Tuesday, June 09, 2009

Some Choice Comments For Monserrate From Sen. Golden

This just has to be printed in full. The Daily Gotham got an anonymous email that clipped together statements, mostly from Republican State Senator Marty Golden, about how he feels about his new colleague, Hiram Monserrate:

''When you let people like Senator Monserrate stay in office,'' said Senator Martin Golden, a Republican from Brooklyn, ''and you do fund-raisers for them, and you pat them on the back and you say, 'Go for it!' you know, there's a disgrace, a disgust, in people across this state.'' (March 25, 2009)

Sen. Martin Golden, a Brooklyn Republican, said Monserrate should resign - and he blasted Democratic leaders for continuing to support Monserrate."If we're going to protect people that would abuse women and abuse anybody in this fashion, there is something wrong with that," he said. (March 24, 2009)

Republicans called for Monserrate's resignation and assailed Smith for not taking further action. "He's going to have to step down," said Sen. Marty Golden, R-Brooklyn. "The longer he stays, the more of a spectacle it is." "Sen. Smith's failure to take action against Sen. Monserrate in the face of this criminal indictment, just one week after hosting a fundraiser on his behalf, clearly sends the wrong message to all New Yorkers," said a statement from two Republican senators, Betty Little of Queensbury and Cathy Young of Olean. (March 24, 2009)

Sadly, I didn't catch the Bruno comments Padavan and Golden made on video. But here's some footage of them railing on Monserrate. Padavan argued that the charges against Velella were "white collar" and therefore didn't take up as much of his time to fight. Golden agreed, saying: "We're not talking about a simple crime. We're talking about three D felonies. We're talking about a serious indictment here." (March 24, 2009)

And then Golden chimed in: "He left because he suspected it. He knew that this was not going away and he wanted to deal with it. He got out of the Senate so he could deal with this issue without being, without the Senate itself being a target." (March 24, 2009)

Sen. Martin Golden (R-Brooklyn) pushed a resolution calling on the newly Democratic-controlled Senate to keep Hiram Monserrate (D-East Elmhurst) - charged with slashing his girlfriend - from being seated before the swearing-in. In 1999 Monserrate, saying he suffered from psychological disorders, quit the NYPD after 11 years, it has been reported. Golden told Newsday that Monserrate's being a former cop had "absolutely nothing" to do with the case. "Domestic violence is a dirty secret throughout society that's been swept under the rug," he said. "Hopefully the courts will deal with this ... If he's guilty he should suffer the consequences." (January 12, 2009)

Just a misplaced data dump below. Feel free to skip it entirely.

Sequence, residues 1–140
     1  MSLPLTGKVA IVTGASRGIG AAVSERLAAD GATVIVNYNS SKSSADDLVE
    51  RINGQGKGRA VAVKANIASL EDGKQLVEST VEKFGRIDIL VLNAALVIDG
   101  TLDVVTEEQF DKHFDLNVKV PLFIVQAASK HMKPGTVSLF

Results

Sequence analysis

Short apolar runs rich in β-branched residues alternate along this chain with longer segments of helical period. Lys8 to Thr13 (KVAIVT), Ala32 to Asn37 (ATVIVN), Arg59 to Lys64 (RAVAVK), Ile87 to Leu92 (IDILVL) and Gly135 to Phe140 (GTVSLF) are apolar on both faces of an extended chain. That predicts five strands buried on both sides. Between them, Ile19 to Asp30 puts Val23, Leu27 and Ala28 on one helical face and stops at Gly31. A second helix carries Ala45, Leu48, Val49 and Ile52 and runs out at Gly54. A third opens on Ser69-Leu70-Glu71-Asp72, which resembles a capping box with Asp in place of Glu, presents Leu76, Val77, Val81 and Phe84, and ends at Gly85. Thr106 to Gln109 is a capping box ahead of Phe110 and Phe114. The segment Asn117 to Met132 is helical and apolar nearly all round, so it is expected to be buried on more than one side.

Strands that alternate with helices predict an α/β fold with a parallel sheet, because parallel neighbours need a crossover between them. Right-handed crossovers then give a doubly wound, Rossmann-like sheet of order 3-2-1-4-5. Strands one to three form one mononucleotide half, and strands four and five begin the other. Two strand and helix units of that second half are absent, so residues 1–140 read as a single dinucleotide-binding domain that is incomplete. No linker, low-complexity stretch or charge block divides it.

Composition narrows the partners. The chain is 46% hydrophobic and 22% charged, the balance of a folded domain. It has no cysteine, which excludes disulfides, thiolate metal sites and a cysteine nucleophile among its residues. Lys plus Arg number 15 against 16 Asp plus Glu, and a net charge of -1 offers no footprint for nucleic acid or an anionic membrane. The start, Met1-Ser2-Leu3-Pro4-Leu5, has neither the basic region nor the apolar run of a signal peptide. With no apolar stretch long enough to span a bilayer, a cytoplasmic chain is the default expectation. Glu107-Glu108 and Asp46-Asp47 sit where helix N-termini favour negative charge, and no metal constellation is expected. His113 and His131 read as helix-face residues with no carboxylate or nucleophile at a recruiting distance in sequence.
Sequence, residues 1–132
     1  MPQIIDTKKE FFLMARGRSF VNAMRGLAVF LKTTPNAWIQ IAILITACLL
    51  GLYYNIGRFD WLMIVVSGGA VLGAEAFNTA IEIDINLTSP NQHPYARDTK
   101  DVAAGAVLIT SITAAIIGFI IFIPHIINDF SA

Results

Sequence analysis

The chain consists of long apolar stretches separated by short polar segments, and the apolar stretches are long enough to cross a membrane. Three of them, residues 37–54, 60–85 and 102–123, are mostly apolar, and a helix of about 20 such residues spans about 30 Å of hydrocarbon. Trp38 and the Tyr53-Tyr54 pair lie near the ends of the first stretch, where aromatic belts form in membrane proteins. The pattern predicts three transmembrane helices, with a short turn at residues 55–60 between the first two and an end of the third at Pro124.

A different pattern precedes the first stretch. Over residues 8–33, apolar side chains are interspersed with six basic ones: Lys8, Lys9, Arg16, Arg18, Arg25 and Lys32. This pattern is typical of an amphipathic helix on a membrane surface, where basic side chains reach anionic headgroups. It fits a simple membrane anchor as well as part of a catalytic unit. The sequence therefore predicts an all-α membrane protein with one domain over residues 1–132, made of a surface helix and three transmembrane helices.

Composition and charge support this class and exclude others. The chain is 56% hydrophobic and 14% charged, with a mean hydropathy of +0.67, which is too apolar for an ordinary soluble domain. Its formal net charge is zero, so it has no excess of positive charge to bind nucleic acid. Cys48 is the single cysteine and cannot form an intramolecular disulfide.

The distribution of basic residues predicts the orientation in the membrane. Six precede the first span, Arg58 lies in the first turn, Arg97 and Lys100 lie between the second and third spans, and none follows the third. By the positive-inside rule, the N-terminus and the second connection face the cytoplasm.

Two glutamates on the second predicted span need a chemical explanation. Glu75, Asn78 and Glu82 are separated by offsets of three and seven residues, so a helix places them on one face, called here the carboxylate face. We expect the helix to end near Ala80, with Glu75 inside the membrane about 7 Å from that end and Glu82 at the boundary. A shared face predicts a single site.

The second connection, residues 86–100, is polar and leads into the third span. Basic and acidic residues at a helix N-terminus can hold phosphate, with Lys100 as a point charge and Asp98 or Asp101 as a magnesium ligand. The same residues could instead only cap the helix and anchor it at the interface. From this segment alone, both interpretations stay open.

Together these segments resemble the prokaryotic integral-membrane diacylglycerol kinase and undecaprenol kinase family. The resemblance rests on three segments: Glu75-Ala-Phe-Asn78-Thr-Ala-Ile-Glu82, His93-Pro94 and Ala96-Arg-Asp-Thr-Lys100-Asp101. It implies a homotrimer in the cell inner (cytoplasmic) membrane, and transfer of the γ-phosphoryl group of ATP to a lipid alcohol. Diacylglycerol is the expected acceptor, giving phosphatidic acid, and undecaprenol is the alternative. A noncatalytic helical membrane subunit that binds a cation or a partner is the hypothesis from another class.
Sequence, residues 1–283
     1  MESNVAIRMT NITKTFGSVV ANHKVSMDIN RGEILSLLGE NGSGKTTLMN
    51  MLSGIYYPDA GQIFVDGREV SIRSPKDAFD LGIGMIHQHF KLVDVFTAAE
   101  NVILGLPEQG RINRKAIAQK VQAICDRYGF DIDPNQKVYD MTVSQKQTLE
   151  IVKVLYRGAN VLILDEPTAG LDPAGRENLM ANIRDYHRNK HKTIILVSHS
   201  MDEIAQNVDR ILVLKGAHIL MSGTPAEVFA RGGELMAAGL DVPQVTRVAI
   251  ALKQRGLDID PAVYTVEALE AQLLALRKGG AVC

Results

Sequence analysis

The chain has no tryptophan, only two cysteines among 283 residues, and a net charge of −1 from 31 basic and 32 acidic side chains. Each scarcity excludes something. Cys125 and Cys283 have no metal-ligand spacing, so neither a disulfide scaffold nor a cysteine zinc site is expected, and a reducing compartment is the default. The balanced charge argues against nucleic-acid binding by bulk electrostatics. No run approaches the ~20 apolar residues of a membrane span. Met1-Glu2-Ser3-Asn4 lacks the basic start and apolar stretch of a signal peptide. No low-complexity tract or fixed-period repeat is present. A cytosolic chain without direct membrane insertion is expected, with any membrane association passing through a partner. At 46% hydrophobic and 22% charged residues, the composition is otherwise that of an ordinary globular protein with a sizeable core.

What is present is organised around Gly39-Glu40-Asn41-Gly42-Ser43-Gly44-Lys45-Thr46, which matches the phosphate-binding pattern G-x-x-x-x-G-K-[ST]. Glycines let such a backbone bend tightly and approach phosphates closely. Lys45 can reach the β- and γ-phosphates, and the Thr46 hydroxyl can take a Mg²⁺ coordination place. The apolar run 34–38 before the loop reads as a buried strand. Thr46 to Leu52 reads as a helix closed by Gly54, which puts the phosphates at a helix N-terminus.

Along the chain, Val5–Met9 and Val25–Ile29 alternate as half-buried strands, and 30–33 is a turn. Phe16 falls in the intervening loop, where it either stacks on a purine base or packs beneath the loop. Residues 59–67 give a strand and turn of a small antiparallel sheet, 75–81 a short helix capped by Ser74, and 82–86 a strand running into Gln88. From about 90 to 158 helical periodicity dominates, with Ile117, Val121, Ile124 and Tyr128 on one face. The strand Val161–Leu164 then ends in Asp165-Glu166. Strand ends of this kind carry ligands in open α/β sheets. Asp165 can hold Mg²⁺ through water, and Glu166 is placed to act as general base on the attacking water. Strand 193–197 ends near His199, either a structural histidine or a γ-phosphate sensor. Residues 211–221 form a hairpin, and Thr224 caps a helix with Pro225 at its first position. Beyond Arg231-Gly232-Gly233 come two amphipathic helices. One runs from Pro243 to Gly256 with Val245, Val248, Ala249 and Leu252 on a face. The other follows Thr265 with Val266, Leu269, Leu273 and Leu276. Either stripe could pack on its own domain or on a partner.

At the time, Mr. Golden, a Brooklyn Republican, was talking to a group of reporters about why he felt Mr. Monserrate should be turned away. ''I don't think he should be seated,'' Mr. Golden said as Mr. Monserrate approached him and extended his hand, apparently taking Mr. Golden by surprise. The two men shook hands and exchanged brief pleasantries. (January 8, 2009)

Afterward, Golden said he still felt Monserrate was a "ticking time bomb." "It's a pretty significant charge when you break a glass in a woman's face," said Golden, who, like Monserrate, is a former city cop. "To have that hanging over your head and sitting in this body takes this body down a little bit of a notch." (January 8, 2009)

Golden told The Associated Press that the Queens Democrat should have been kept out of the seat Wednesday, and that the pending criminal case involved "an absolutely horrendous assault on a woman." "It definitely takes the institution down and we don't need that," Golden said. (January 7, 2009)

Brooklyn Republican Sen. Martin Golden, a former police officer, said Wednesday he will continue trying to remove Monserrate for what Golden called "an absolutely horrendous assault on a woman." "It definitely takes the institution down and we don't need that," Golden said. "This obviously takes us down a couple of notches." (January 7, 2009)
Now Mr. Monserrate is in Golden's caucus, whether he calls it a "coalition government" or not. Espada, Monserrate and Skelos can play semantics all they want but for all intensive purposes Monserrate has cast his lot with thirty Republicans and whatever you want to call Espada. Of course, Golden has no problems sticking with his comments (but don't expect any new ones), since Monserrate will be kicked out if and when he is convicted for slashing his girlfriend with a broken glass. Still, for Golden (and the rest of the GOP) to even tolerate bringing two criminals into their caucus is revolting. Of course speaking as a Democrat, I'm glad they're off our hands now, so we can finally get real representation for those parts of the Bronx and Queens.